(3) the impact of the legalization of medical and recreational marijuana on opioid overdose deaths;
(4) the increased use of fentanyl, including its sources;
(5) how fentanyl may be contributing to opioid overdoses and death.
Fighting this epidemic will take hard work on the part of federal, state, and local governments, working together with local law enforcement, medical professionals, and members of the community. I appreciate the work that the CDC has done and ask that you continue to work collaboratively with stakeholders to finalize the Prescribing Guidelines without further delay and identify other ways to aggressively tackle this issue.
U.S. Senator (source document)
The CDC admits a problem exist, but they aren’t doing much about it. They have an entire page on their website dedicated to the downtrodden stats.
In October of 2014, a JAMA study showed that states who enacted the legalization or allowance of medical marijuana reduced opioid overdose deaths by 25%. That stat should be difficult to ignore, but unfortunately, Pharmaceutical companies are making a killing (pun intended). Purdue Pharma, Cephalon, Janssen Pharmaceuticals, Endo Health Solutions and Actavis are the main players in the opioid game. They’ve been sued for their actions, of course, but they have extremely deep pockets. They’ve been sued for false advertising based on allegations that opioids don’t actually help subside pain in the way their marketing campaigns would have everyone believe (source).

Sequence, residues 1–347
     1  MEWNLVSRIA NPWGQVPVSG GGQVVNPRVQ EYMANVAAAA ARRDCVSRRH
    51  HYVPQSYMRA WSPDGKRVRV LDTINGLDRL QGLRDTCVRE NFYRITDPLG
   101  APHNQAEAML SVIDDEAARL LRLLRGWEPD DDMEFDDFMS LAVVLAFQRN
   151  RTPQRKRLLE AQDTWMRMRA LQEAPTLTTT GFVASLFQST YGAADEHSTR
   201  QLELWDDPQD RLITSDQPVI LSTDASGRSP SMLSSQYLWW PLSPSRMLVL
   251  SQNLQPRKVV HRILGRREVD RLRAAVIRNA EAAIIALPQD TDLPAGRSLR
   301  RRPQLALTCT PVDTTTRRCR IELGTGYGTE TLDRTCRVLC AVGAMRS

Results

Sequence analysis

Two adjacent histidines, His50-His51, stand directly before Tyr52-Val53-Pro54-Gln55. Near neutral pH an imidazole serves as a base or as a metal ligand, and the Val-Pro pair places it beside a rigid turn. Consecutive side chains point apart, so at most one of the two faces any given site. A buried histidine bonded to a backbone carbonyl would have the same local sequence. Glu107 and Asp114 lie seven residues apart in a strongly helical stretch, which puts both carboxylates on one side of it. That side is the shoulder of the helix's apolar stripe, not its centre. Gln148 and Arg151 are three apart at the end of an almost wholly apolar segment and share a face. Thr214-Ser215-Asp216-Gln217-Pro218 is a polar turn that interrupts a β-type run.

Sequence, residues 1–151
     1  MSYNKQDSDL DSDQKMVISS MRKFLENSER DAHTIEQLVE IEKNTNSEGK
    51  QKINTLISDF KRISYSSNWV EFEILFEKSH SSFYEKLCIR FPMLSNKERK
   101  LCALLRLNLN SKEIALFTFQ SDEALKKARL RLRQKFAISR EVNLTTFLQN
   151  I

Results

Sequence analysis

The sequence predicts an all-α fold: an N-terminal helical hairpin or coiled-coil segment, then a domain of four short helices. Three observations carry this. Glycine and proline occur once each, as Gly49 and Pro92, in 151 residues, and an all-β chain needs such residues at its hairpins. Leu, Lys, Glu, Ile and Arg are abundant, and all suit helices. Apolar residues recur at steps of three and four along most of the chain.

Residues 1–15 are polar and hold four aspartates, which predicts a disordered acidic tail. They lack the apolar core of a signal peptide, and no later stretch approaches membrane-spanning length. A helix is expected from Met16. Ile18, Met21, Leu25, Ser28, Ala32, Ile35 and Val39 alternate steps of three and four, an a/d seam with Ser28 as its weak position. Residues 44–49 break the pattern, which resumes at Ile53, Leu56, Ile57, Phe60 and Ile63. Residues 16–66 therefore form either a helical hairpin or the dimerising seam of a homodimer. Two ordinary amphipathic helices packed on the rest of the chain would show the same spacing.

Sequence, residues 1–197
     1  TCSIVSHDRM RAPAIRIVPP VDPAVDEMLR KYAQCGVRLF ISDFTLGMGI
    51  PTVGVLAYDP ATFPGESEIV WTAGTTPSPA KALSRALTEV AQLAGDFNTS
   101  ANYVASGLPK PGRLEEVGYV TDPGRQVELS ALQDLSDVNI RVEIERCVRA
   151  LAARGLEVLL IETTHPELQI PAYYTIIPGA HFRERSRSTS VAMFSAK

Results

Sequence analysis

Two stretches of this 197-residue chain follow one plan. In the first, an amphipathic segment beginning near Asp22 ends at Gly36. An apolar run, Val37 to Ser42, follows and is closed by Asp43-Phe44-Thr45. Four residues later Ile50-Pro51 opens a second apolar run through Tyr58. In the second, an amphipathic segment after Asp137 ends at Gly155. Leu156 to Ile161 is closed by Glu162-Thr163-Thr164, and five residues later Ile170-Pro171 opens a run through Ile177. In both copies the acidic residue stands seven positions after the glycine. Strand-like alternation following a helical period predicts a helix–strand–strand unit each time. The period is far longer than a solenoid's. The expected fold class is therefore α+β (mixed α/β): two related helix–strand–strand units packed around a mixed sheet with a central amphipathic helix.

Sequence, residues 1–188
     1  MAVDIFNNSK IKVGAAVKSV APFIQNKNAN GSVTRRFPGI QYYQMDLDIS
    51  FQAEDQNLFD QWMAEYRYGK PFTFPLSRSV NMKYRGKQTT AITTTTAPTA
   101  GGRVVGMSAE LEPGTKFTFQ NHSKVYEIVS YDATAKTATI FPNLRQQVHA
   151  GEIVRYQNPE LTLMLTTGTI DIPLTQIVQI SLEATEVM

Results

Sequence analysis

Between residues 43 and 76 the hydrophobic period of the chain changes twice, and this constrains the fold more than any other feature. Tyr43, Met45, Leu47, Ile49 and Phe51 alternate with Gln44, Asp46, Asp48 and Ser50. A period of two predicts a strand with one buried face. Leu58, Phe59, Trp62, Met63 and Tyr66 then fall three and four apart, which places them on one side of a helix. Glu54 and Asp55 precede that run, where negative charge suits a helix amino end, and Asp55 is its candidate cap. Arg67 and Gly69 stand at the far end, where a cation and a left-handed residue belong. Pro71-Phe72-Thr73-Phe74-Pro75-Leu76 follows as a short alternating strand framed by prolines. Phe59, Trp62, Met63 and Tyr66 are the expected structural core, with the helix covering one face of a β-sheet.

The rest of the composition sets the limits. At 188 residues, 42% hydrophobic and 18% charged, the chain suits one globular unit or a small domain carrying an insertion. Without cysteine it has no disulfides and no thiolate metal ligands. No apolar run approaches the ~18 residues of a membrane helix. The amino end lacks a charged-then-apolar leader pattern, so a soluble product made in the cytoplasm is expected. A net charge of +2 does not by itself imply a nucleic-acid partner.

How insane are opioid profits? The answer is: very. In 1995, the FDA approved OxyContin for release to the general public. In 1996, its first year in circulation, it made $45 million in sales. The addictive nature of the drugs and the continual chase of the opioid “high” and the fact that’s its legal and backed by Doctors spells tragedy for the public at large. Pharmaceutical companies will continue to fight any and all opioid alternatives so long as U.S. laws continue to harbor their profitable activities. Warren’s letter should be respected as a good effort. I realize that her accolades of the CDC won’t sit well with everyone, however, in the end, she has to play the game or no change will come.